One of the major challenges encountered by law enforcement entities is the prioritisation and rostering of resources, with a view to maximise the chances of being equipped with the right resources at the right place, and at the right time.
This research proposes a hybrid machine learning technology that uses a set of customised web crawlers to gather data on a daily basis from newspaper articles. Articles that deal with criminal offences would be identified, analysed and their inherent details extracted using natural language processing (NLP) technology. Articles from different sources are converged using a standardised format that allows the details of the crime (such as nature of the crime, location, time, criminal, etc.) to be accessed easily. Related data, such as population, literacy etc. are also extracted from other sources using dedicated crawlers and cross-referenced with the events related to the actual crime. Web crawling is automated using a special bot designed to initiate the crawling processes regularly.
This study proposes a visualisation engine that would allow users to quickly and effectively browse the criminal- event database using a feature-rich search engine that would enable specific parameters to be easily identified and depicted. Various representations of the resultin data (such as geographical heat maps, graphs, calendar heat maps, etc.) are possible.
Previous research in similar areas has utilised various machine learning techniques with varying success rates. This research aims to study the effectiveness of k-means and DBSCAN-based technologies  when applied to crime prediction. While k-means uses a purely statistical past-data based model to attempt to predict the incidence of crime, DBSCAN uses clustering techniques, which could include other datasets in addition to past criminal event data.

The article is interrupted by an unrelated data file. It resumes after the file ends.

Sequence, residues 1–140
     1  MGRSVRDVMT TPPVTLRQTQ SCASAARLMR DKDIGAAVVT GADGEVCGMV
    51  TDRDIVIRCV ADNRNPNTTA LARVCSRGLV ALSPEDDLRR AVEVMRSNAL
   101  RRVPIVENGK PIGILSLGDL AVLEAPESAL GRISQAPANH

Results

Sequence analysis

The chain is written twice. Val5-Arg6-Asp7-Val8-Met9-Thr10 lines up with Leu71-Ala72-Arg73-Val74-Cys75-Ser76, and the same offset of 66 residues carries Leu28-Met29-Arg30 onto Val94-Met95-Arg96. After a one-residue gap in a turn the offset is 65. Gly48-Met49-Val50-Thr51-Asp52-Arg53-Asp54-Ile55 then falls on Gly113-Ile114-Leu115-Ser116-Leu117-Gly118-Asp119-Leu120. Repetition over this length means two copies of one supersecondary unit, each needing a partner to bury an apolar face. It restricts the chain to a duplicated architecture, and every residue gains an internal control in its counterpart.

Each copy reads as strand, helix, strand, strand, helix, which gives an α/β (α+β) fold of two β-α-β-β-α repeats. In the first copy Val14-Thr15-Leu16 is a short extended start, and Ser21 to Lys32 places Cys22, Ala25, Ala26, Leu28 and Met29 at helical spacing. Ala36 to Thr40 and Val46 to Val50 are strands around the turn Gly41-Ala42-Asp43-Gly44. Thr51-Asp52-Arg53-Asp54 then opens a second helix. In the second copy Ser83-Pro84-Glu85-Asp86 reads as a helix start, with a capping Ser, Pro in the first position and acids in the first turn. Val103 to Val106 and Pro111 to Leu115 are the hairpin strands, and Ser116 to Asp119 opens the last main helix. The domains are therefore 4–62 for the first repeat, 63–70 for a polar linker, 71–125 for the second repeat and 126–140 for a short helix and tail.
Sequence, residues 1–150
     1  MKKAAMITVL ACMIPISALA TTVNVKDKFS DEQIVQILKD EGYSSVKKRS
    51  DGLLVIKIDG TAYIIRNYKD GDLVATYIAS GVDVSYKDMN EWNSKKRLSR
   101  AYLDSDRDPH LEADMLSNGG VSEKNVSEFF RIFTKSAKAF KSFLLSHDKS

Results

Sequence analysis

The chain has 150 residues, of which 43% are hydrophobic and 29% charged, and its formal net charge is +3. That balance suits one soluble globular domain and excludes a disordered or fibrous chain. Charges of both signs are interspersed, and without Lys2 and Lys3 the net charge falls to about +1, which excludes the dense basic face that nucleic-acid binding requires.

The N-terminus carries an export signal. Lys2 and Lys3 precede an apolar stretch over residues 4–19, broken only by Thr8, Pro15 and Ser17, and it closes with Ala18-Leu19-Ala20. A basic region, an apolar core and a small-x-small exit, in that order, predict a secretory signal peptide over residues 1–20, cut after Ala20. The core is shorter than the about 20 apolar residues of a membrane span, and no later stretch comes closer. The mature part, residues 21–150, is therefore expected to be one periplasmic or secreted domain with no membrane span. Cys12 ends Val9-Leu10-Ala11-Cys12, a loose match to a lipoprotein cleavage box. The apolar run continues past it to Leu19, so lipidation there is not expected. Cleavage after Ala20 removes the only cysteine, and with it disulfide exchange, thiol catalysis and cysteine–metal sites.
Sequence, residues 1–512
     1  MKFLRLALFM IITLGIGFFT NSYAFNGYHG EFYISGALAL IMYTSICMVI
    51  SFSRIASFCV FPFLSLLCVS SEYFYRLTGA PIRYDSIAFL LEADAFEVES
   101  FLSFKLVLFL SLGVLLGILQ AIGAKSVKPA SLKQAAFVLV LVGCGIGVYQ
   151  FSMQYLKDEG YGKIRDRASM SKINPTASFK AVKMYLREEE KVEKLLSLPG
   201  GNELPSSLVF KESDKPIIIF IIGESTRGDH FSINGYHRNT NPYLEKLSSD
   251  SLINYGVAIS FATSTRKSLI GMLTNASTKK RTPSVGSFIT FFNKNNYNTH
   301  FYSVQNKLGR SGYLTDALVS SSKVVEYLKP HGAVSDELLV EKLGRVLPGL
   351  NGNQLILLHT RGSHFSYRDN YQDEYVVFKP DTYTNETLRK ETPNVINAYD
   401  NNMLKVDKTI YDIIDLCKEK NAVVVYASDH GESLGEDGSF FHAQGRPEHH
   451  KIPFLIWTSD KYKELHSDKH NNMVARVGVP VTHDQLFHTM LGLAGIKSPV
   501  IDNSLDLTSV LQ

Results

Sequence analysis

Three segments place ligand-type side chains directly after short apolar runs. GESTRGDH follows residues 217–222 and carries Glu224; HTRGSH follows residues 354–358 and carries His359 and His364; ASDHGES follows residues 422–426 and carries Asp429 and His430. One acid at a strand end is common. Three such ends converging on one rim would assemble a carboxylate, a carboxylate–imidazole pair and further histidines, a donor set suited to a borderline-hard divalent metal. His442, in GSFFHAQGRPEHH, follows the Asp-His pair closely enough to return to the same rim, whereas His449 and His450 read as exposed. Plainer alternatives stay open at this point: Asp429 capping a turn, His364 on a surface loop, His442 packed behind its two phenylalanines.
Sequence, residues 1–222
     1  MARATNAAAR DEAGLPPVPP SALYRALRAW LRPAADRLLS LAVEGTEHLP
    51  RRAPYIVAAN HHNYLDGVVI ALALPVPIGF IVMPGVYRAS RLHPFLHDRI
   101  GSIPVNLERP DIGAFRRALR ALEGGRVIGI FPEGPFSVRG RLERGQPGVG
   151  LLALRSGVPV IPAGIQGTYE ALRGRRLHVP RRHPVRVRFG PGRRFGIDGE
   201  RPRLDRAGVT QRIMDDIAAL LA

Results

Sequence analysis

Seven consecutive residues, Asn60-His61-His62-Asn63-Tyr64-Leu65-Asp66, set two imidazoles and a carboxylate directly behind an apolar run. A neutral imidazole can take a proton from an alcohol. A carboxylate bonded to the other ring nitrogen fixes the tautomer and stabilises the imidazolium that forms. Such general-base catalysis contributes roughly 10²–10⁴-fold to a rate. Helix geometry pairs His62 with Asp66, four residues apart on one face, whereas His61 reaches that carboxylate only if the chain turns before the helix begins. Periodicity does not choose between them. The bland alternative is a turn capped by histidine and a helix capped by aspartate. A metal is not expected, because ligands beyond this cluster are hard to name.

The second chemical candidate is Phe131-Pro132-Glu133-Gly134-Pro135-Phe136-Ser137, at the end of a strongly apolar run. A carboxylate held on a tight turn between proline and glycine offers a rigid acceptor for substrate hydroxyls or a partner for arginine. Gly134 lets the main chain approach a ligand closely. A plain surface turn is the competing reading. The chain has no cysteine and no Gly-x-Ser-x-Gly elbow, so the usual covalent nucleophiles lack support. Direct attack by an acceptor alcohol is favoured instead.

Various data has been used to evaluate the performance of the proposed technology ‒ with encouraging results. The precision / recall / F-measure technique used in previous studies , , has been utilised to compute the accuracy of both techniques. Moreover, geographically distant areas (Malta and Boston), where used to evaluate different crime patterns. Although the large number of possible prediction configurations make it very difficult to cover all the possible scenarios, both techniques performed quite well. In particular, the k-means technique proved to be slightly more accurate in predicting recurring crimes.
 Baboo, S. Santhosh. “An enhanced algorithm to predict a future crime using data mining.” Int J Comput Appl 975: 8887 (2011).
 Iqbal, Rizwan, et al. “An experimental study of classification algorithms for crime prediction.” Indian Journal of Science and Technology 6.3: 4219-4225 (2013).
 Almanie, Tahani, Rsha Mirza, and Elizabeth Lor. “Crime prediction based on crime types and using spatial and temporal criminal hotspots.” arXiv preprint arXiv:1508.02050 (2015).
Student: Janica Spiteri
Course: B.Sc. IT (Hons.) Software Development
Supervisor: Dr. John Abela
Co-supervisor: Dr. Peter Albert Xuereb